The U.S. Commerce Department’s International Trade Administration released a report Wednesday, showing that 92 percent of more than $1.3 trillion worth of U.S. goods exported in 2015 were likely affected by foreign technical regulations.
The Arab ocean carrier's shareholders would own 28 percent of the combined company, while the existing shareholders of Hapag-Lloyd would own 72 percent of the new company.
Over 50 percent of respondents said their business would be impacted by a vote for the United Kingdom to leave the EU, but just 18.4 percent had a plan in place in the event of a Brexit, according to a recent survey conducted by Logistics Manager.
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A sense of what the container shipping industry may look like a year from now has started to emerge as ocean carriers seek to avoid a financial wreck from overcapacity and low freight rates.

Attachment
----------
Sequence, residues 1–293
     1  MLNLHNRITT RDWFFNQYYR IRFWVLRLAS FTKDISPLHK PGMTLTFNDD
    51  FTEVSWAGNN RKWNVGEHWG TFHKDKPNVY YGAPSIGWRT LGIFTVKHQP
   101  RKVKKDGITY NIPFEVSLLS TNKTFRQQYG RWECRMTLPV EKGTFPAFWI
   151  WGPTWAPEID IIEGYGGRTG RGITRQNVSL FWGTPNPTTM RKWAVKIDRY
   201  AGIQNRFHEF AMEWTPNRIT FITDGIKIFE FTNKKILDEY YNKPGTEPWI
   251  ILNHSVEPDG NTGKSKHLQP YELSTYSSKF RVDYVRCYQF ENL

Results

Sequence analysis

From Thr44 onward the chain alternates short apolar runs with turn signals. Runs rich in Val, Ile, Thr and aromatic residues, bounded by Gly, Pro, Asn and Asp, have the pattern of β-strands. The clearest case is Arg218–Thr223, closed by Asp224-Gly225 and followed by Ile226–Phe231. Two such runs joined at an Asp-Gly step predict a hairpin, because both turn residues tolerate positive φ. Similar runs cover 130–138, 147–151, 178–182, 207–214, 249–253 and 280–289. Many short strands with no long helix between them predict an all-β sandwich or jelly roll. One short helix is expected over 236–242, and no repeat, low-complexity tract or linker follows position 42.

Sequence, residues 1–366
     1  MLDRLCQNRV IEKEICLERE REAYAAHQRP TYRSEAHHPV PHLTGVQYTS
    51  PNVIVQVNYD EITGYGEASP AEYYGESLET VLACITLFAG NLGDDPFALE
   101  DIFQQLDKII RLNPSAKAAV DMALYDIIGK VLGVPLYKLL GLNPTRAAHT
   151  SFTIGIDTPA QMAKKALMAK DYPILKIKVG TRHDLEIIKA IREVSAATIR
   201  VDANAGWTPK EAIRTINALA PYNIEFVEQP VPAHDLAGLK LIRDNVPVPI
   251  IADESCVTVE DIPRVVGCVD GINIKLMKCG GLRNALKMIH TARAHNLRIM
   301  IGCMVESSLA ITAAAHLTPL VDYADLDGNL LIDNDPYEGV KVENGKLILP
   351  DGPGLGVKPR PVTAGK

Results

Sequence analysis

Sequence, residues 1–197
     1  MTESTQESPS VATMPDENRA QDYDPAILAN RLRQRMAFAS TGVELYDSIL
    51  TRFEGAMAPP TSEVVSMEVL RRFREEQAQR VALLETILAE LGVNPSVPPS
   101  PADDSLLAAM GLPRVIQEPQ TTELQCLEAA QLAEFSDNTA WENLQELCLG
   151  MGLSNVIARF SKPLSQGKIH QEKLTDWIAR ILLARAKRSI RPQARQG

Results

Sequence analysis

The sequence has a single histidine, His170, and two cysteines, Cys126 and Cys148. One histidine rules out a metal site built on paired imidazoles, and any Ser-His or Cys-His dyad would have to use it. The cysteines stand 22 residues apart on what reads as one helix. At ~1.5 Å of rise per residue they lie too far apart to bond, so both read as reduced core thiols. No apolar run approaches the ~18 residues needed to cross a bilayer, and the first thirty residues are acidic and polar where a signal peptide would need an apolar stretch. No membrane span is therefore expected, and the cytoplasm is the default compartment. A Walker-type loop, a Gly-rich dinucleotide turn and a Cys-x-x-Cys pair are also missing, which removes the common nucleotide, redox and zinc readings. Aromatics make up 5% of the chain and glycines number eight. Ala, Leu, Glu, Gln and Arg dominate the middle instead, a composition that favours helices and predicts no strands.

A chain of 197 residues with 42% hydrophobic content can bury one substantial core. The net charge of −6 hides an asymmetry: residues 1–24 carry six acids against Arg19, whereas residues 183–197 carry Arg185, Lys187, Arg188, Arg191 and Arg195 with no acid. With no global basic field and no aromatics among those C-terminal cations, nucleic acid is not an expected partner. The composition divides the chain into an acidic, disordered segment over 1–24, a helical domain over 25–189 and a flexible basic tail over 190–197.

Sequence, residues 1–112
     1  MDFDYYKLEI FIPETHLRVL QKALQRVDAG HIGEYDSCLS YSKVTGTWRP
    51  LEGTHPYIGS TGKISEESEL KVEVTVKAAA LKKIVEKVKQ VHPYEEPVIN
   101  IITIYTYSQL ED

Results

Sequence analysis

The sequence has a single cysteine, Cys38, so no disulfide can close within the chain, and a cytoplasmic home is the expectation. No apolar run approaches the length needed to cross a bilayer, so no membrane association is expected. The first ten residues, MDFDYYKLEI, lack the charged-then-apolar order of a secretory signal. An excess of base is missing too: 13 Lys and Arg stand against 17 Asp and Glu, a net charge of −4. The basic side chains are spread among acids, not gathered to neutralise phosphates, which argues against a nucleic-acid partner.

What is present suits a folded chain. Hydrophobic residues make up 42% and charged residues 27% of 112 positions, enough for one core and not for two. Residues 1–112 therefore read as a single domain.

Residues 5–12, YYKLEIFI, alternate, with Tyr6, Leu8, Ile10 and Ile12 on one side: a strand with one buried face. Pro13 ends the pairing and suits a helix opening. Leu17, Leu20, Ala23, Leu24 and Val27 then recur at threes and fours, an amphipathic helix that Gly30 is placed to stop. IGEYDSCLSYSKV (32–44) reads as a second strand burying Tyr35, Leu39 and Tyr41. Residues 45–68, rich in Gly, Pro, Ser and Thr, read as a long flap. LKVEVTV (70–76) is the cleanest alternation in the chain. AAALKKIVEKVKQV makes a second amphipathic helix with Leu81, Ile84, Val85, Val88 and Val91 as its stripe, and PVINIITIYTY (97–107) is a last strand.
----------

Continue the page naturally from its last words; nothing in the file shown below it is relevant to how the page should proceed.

The parcel carrier has agreed to pay $240 million to settle lawsuits covering around 13,000 divers across 20 states who claimed they should have been treated as employees instead of independent contractors.
A combination of businesses between United Arab Shipping Co., which is jointly owned by the governments of six wealthy Middle Eastern nations, and Hapag-Lloyd of Germany has "strategic value," and talks will continue, the ocean carrier said in a statement.